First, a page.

I can't see Weather Report or Return To Forever ever lowering themselves to play "A Little Green Rosetta" or "No Not Now." Why would they, when they can be noodling at 392 miles per hour in 17/9? Only... Frank could do that too, and did, but he also obtained acute enjoyment factors from doing stupid music (I mean that in the best sense of the term).

Of course Frank never did anything genuinely stupid. He couldn't help himself. There's cleverness bombs riddled throughout his most retardated repertoire. Have you ever seen a simulated child's drawing in a TV commercial? Sorry, you can always tell an adult made it. The one element of his music Frank couldn't seem to control was resisting the temptation to imbue even the most dopey ditty with brainy fun.

Hats off, by the way, to Pat Metheny, who doesn't suffer from the "elite muso syndrome" that afflicts so many of his fellow hyper-advanced jazzmen. (Tsk tsk; it's such a tragedy to lose someone to Seriousness.) If you haven't heard "Forward March" off First Circle, all I can say is, it's really stupid and also Zappa-worthy, and that's the highest compliment of all in the musical kingdom. I'll play "Forward March" on the June 12 show.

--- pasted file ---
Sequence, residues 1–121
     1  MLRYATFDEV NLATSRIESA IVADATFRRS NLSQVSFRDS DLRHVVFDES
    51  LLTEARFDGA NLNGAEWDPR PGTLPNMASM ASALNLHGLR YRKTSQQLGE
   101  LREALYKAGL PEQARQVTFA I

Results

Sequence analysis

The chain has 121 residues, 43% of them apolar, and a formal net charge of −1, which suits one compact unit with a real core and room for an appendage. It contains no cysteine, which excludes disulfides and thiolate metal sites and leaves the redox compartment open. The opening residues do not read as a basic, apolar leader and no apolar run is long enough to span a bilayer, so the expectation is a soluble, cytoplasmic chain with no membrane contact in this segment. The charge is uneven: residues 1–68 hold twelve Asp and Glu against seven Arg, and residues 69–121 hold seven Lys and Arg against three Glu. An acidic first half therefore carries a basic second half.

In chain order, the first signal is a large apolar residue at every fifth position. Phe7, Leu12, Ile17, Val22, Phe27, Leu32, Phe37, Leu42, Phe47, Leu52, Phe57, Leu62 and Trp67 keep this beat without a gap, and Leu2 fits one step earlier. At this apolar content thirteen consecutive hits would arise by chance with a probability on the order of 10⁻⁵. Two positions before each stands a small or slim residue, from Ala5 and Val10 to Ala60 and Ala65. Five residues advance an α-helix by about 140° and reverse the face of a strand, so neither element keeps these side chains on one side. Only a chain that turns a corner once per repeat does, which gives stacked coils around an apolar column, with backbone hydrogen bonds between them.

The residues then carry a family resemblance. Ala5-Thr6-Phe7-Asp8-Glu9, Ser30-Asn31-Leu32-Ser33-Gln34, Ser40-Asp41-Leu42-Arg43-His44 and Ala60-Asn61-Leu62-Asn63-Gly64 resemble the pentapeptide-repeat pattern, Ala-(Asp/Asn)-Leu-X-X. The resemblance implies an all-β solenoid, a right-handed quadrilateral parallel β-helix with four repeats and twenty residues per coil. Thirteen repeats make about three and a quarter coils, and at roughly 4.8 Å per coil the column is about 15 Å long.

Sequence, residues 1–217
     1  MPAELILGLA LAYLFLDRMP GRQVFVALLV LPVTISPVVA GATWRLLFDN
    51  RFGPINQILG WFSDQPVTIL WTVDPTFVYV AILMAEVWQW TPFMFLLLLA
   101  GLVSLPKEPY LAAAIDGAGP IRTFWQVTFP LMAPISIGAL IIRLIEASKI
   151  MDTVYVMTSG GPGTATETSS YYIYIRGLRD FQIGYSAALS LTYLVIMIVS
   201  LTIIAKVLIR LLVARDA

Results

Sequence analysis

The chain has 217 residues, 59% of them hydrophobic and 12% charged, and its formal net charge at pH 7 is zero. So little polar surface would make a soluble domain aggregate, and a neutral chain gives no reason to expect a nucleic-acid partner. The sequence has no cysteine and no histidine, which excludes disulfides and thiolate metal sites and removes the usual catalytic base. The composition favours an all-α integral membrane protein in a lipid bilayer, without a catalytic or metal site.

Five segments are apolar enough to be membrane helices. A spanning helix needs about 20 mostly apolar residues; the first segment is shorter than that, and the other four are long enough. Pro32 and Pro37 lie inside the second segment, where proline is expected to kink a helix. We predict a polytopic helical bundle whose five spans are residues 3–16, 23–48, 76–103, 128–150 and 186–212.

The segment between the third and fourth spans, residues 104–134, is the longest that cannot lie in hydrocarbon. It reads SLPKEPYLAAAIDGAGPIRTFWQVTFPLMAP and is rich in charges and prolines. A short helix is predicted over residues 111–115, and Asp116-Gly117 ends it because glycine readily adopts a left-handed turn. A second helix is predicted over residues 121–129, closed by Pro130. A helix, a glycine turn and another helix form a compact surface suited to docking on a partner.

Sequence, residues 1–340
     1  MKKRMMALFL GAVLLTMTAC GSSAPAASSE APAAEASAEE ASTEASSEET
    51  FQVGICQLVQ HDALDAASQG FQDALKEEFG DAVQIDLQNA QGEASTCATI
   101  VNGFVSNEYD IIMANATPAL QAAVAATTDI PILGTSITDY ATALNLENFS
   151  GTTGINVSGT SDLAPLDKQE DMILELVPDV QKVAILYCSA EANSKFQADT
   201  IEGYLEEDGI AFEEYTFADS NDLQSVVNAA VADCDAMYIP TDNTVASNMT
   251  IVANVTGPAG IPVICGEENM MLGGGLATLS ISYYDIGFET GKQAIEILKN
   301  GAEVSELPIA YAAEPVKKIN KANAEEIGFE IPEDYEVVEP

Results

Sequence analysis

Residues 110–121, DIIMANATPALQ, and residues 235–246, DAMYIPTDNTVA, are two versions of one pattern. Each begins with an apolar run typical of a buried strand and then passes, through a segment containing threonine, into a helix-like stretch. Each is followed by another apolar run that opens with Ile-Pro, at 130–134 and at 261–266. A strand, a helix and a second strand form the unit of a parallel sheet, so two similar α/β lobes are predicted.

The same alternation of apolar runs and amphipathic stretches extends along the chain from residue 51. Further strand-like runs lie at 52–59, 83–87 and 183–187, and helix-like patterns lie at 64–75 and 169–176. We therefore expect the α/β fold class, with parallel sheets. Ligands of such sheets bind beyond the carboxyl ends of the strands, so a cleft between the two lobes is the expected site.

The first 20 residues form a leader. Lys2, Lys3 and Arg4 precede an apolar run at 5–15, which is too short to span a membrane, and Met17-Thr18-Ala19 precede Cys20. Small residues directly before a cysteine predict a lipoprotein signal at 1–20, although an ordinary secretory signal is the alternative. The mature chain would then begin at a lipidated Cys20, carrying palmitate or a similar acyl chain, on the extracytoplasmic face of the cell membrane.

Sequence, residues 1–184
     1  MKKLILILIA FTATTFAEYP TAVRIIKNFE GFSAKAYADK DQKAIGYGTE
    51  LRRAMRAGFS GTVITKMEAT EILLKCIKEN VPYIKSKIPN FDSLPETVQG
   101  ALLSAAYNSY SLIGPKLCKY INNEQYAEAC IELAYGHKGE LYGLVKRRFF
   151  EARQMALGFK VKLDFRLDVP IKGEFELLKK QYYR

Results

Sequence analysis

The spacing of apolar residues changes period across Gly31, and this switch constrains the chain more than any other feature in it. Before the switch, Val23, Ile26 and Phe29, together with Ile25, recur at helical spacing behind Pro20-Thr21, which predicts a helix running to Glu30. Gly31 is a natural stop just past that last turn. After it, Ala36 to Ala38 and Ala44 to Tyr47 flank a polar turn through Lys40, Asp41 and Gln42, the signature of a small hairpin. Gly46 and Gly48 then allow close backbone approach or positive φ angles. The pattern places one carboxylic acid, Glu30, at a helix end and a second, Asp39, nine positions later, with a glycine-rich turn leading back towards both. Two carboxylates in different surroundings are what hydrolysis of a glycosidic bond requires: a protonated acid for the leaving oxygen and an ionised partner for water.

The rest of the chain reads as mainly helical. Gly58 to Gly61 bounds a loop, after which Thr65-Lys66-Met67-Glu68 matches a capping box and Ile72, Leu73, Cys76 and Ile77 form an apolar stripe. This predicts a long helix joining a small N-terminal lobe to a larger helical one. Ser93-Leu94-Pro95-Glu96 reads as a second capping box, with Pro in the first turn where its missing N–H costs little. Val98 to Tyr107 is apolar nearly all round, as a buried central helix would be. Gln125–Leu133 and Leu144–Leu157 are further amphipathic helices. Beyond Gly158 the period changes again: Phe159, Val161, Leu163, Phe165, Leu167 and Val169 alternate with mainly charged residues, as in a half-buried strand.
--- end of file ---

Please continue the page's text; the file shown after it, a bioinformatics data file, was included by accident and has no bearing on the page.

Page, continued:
And our world famous/infuriating Friends of Frank segment will also feature the dumb/dumber doings of the likes of Mike Keneally, Steve Vai, Russ Stedman and... wait for it... Frank Fucking Sinatra.

I swear to god, if there's any artist that annoys – no, offends me the most it's Old Blue Mouth. I'd gladly listen to Bobby Goldsboro's oeuvre over and over with low-voltage shocks being applied to my gen-pack for all eternity than listen to Artanis and his asinine croonings. I depise Sinatra and his "wine" voice more than anyone in show biz. Except maybe John Wayne and David Broder. But the Chairman of the Board fucked up big time on a b-side, and you're going to hear it. If you know the backstory, feel free to share once you hear this masterpiece. Again, that'll be during Friends of Frank in the second hour.